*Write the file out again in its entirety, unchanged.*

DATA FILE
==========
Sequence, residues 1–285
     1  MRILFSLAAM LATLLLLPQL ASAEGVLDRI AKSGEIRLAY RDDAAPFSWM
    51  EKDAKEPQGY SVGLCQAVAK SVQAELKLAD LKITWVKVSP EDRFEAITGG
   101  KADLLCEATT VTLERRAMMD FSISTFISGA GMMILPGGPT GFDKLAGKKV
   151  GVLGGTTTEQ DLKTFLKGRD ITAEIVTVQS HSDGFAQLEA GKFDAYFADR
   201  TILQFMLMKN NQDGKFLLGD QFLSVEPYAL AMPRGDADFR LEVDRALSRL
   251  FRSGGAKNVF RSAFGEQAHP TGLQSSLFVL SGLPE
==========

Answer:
Sequence, residues 1–285
     1  MRILFSLAAM LATLLLLPQL ASAEGVLDRI AKSGEIRLAY RDDAAPFSWM
    51  EKDAKEPQGY SVGLCQAVAK SVQAELKLAD LKITWVKVSP EDRFEAITGG
   101  KADLLCEATT VTLERRAMMD FSISTFISGA GMMILPGGPT GFDKLAGKKV
   151  GVLGGTTTEQ DLKTFLKGRD ITAEIVTVQS HSDGFAQLEA GKFDAYFADR
   201  TILQFMLMKN NQDGKFLLGD QFLSVEPYAL AMPRGDADFR LEVDRALSRL
   251  FRSGGAKNVF RSAFGEQAHP TGLQSSLFVL SGLPE